Despite the fact that endless trench warfare massacres between the Allies and the Germans on the Western front in WW I led to a stalemate, Germany was forced by exhaustion of human and material resources to capitulate in November 1918. Numerous national countries were created by the Paris peace treaties that followed. Their creation was based on two criteria: self determination of the people and attribution of rewards or punishments (based on which camp they were in during the war). New countries were created as a product of national aspirations, but they were formed by the winners as zone from the Baltic to the Black Sea and the Adriatic that was supposed to present a barrier (Cordon sanitaire) against the penetration of the socialist revolution into Europe. Unrelated to Paris, in the years after the war and bloody confrontations, the Irish Free State was founded. It would encompass nearly the entire island, with the exception of the Protestant north, which would remain loyal to London.

Unlike the formally democratic where the social system that could be called capitalism was formed, in which a relatively small number of rich people who owned capital  and largely shaped economic, social, cultural, and political events in the country, the socialist system of society was created in Russia in the period between the world wars. Despite in theory aspiring to a communist system and claiming to represent Marx’s ideas in practice, in reality no one would ever achieve what they thought and wrote about. Moreover, attempts to implement them would bring about an enormous number of crimes against the population. The rise, support and blind following of communism in the USSR, fascism in Italy, and especially Nazism in Germany later on, can be comprehended only if they are observed as political religions. They are more spiritual than political ideologies and came about as a response to the “crisis of meaning” in people, with the goal of creating paradise in this world. They are characterized by governments that require a complete acceptance of the dogma of official ideology, that try to enter all spheres of life and, thus, take on characteristics of a religion such as holy books, holy teachings, saints, believers, inquisition (secret police), the motif of struggle of good vs. evil, the motif of salvation and recovery of honor, etc. Because of this, political religions usually persecuted and tried to replace existing religions. This could only be done though a different system of doctrine and such a system would, from its beginning, assume psychological characteristics of a religion – the same sanctity, rigidity, intolerance, and prohibition of opinion – for its own protection.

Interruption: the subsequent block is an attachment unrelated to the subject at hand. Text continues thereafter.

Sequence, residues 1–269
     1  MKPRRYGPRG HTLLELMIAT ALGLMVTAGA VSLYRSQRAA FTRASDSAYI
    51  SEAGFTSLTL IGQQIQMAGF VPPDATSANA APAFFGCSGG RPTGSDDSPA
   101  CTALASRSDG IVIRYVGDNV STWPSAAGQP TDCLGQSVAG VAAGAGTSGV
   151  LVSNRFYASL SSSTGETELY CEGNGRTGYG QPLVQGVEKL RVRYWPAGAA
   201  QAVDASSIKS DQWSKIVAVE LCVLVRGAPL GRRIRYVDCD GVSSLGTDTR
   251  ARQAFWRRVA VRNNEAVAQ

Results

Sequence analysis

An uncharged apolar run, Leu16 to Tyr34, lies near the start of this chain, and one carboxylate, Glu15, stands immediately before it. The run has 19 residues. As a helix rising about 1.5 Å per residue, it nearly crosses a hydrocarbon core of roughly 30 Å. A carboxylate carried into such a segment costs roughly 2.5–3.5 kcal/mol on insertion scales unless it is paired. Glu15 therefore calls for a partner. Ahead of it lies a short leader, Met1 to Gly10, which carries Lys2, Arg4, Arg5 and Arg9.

Italy remained a kingdom, but the Fascist Party assumed authority. A large number of European countries in the period between the wars had authoritarian regimes (Hungary, Poland, Yugoslavia, Spain, Portugal, Austria, Romania, Albania, Bulgaria, Lithuania, Latvia, Estonia and Finland), headed by nationalists who had numerous similarities with fascism in Italy, despite often not being fond of it in their own countries. There were also numerous movements inspired by fascism and Nazis, but not one of them was a faithful copy of another. Despite the fact that differences are sometimes difficult to perceive, equalizing all nationalists with fascism causes a loss of insight into specific political and societal circumstances in European countries in the period between the wars. In the end, the main distinctive features were the degree of tolerance of opposition, lack of plans of expansionist aggression in authoritarian regimes, as well as their hostility to the appearance of fascist movements on home turf.

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